Yesterday, the ABA House of Delegates rejected a proposal that would have required law schools to ensure a minimum 75% of their alumni pass a bar exam within two years of graduation. The House heard from a total of ten speakers, of whom five were for the proposal with the other five being against it.
The National Black Law Students Association was one of the groups against the proposal and they argued the proposal failed to address racial inequities. Utah Supreme Court Justice Christine Durham spoke in favor of the proposal. She argued that “The bottom of the class is financing people at the top of the class,” and further remarked that, “You cannot diversify the legal profession if these candidates cannot acquire a license to practice.” Other arguments included the lack of studies on the potential diversity impact of the proposal and the varying state bar passage rates.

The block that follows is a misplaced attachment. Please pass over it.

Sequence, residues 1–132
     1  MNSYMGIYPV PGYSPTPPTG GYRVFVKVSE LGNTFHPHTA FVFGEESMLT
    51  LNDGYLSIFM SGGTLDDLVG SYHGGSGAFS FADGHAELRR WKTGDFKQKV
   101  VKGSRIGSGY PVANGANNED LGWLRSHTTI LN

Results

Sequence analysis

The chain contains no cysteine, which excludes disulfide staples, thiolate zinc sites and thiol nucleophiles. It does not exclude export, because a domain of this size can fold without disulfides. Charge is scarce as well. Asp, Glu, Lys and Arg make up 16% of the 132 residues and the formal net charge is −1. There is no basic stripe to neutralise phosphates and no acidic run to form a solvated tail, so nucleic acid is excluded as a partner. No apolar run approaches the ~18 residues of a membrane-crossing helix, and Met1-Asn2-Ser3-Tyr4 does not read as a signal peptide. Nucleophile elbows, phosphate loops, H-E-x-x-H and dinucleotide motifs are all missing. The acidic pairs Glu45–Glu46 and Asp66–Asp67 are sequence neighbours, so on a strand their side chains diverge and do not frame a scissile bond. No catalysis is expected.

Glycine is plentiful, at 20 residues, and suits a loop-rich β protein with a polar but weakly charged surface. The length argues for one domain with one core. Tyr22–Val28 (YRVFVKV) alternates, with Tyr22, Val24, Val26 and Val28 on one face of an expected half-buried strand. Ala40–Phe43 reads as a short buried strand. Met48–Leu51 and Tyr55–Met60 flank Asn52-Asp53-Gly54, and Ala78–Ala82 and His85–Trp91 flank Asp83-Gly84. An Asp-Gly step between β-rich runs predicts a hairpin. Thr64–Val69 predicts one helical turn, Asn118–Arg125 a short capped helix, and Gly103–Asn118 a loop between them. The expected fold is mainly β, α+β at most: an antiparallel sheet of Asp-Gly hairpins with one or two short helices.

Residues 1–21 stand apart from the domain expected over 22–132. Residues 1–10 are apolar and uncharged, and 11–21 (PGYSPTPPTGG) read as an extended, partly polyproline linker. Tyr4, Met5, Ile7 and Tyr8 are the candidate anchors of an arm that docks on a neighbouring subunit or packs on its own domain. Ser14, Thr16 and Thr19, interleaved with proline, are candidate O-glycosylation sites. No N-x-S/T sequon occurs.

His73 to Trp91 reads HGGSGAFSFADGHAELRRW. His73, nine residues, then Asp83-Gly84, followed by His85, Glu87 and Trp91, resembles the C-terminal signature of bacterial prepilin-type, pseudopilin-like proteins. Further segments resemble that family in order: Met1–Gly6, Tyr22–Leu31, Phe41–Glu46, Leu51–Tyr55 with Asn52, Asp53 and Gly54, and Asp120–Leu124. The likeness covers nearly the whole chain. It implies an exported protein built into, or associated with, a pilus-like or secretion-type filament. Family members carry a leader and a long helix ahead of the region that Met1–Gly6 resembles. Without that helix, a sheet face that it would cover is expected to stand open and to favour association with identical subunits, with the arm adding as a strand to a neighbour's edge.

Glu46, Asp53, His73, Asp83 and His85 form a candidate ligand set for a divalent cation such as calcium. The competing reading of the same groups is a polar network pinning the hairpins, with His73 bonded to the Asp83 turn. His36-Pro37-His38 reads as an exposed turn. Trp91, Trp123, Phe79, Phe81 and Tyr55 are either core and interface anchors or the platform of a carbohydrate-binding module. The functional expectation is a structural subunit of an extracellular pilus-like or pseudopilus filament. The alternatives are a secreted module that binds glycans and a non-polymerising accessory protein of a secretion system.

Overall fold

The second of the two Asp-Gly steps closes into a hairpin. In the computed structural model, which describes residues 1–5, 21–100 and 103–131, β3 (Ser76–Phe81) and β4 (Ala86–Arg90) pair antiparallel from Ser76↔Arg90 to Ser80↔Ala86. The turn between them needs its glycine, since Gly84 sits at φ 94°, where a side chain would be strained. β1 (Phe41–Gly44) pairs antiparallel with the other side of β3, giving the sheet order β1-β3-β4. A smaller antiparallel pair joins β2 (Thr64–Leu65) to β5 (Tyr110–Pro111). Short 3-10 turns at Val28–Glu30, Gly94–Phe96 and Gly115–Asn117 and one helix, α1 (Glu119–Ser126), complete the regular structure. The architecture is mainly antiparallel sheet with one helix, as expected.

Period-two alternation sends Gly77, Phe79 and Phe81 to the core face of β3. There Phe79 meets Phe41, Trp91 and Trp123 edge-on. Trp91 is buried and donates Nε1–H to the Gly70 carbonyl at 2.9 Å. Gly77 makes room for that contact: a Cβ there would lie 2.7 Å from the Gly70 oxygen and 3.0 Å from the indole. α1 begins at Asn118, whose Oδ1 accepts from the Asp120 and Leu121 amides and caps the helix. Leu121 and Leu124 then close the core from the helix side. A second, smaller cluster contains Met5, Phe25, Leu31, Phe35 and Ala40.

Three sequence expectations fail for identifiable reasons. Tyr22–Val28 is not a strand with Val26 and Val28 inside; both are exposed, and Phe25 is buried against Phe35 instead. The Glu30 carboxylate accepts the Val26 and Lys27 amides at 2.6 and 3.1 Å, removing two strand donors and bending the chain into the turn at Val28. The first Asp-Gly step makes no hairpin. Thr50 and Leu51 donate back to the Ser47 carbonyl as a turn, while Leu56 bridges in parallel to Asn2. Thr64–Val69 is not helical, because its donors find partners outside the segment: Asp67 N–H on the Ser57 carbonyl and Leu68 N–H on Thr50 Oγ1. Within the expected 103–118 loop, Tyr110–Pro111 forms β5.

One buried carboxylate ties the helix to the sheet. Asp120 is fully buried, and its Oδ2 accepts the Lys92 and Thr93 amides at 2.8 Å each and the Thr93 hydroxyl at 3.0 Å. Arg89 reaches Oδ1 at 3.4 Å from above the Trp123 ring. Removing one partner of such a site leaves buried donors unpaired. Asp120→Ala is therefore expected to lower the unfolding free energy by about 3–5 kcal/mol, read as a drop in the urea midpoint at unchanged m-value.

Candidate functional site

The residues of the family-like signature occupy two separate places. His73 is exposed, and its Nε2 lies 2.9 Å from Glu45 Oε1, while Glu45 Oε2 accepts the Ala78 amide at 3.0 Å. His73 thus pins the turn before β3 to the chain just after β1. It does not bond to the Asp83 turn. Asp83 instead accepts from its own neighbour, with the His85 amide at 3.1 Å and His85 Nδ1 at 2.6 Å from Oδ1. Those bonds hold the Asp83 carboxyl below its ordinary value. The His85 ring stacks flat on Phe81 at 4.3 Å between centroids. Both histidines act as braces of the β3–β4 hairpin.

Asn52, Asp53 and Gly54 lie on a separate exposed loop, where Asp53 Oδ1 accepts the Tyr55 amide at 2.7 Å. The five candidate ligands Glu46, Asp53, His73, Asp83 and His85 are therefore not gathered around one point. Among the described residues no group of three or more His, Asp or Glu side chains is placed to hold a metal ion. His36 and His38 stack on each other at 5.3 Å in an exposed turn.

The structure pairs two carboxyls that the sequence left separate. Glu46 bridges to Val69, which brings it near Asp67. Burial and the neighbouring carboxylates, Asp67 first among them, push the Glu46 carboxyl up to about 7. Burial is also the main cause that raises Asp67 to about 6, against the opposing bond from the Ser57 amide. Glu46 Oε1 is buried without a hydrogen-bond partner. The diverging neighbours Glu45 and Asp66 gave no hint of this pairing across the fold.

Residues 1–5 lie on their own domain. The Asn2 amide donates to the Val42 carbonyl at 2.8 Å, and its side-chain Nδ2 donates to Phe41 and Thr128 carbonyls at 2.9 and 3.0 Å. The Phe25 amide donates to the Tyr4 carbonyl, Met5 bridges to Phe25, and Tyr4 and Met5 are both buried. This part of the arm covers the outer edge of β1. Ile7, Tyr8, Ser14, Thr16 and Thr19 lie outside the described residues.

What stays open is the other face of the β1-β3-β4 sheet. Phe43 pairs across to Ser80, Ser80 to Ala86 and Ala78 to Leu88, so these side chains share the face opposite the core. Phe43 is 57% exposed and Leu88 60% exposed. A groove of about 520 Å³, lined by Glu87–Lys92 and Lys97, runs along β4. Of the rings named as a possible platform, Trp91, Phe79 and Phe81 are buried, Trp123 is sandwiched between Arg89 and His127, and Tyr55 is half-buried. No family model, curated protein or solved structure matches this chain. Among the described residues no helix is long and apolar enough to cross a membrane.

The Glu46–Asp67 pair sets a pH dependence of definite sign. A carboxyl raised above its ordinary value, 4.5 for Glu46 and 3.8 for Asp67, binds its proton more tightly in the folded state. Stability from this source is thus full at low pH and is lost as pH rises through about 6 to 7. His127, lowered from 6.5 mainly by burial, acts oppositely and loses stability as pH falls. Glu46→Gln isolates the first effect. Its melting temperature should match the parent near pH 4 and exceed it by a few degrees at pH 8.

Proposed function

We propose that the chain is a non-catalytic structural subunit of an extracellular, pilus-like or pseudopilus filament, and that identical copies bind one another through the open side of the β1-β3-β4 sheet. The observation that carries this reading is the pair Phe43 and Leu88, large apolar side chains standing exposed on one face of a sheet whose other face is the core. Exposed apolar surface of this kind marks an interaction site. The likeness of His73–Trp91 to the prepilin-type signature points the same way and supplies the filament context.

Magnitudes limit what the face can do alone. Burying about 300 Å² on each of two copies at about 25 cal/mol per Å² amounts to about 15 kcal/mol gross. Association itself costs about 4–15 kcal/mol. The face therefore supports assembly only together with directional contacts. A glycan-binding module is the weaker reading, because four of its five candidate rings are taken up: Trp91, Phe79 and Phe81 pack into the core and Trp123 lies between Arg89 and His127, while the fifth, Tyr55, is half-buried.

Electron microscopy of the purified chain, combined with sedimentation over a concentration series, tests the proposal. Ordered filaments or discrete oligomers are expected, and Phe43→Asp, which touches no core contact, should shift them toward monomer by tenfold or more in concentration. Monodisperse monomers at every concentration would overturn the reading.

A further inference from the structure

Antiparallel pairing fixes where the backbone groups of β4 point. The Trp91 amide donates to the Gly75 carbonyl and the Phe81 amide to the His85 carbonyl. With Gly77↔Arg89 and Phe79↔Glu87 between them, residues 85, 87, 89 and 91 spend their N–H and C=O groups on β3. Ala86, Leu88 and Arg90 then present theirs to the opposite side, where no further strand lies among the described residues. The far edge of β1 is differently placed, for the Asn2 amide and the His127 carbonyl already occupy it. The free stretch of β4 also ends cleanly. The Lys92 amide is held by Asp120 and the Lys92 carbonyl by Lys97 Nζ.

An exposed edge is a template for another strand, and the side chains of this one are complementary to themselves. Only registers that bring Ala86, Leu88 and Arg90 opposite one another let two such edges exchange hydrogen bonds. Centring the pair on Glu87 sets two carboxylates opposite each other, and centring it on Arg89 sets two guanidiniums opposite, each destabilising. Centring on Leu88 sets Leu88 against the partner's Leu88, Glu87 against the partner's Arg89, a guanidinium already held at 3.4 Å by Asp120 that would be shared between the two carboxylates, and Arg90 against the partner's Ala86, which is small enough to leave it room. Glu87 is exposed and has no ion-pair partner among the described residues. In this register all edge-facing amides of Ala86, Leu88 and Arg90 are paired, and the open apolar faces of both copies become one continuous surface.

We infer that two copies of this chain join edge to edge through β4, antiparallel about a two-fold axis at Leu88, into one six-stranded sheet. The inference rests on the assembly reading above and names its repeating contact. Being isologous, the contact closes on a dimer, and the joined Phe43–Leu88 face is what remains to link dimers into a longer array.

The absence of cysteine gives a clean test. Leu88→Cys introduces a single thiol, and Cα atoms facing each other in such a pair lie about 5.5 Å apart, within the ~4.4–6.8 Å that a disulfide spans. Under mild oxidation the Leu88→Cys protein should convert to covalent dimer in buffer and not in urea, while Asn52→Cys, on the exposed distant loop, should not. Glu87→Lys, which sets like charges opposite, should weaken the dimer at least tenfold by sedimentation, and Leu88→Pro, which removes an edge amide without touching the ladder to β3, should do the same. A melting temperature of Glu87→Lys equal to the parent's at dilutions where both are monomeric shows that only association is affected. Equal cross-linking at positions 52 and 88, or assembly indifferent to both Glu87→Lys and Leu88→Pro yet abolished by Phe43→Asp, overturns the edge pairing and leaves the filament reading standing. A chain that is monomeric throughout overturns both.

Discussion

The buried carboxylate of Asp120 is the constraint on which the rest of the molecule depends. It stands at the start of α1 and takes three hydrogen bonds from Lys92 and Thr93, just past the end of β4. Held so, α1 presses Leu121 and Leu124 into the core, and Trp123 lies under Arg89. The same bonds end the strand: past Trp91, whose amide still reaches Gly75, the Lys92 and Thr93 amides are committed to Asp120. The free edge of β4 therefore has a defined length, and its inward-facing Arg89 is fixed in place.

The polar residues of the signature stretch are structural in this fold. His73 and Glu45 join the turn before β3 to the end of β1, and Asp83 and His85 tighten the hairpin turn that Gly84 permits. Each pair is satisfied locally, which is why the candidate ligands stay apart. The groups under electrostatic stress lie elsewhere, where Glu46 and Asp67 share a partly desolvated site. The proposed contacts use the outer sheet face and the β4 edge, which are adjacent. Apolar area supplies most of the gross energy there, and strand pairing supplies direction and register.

So what do you think? Should the ABA tighten the bar passage accreditation requirement? We’d love to read your comments below!
The bar passage requirement was rejected yet again on Friday in Boston after the ABA’s Section of Legal Education and Admissions to the Bar decided to once again reject a higher bar passage requirement. (Technically, the section voted to shelf the proposal so additional time could be spent to attempt to garner more support.)
Diversity considerations were still in play as the proposal was opposed by members of the National Black Law Students Association, the Hispanic National Bar Association and the Association of American Law Schools Deans Steering Committee.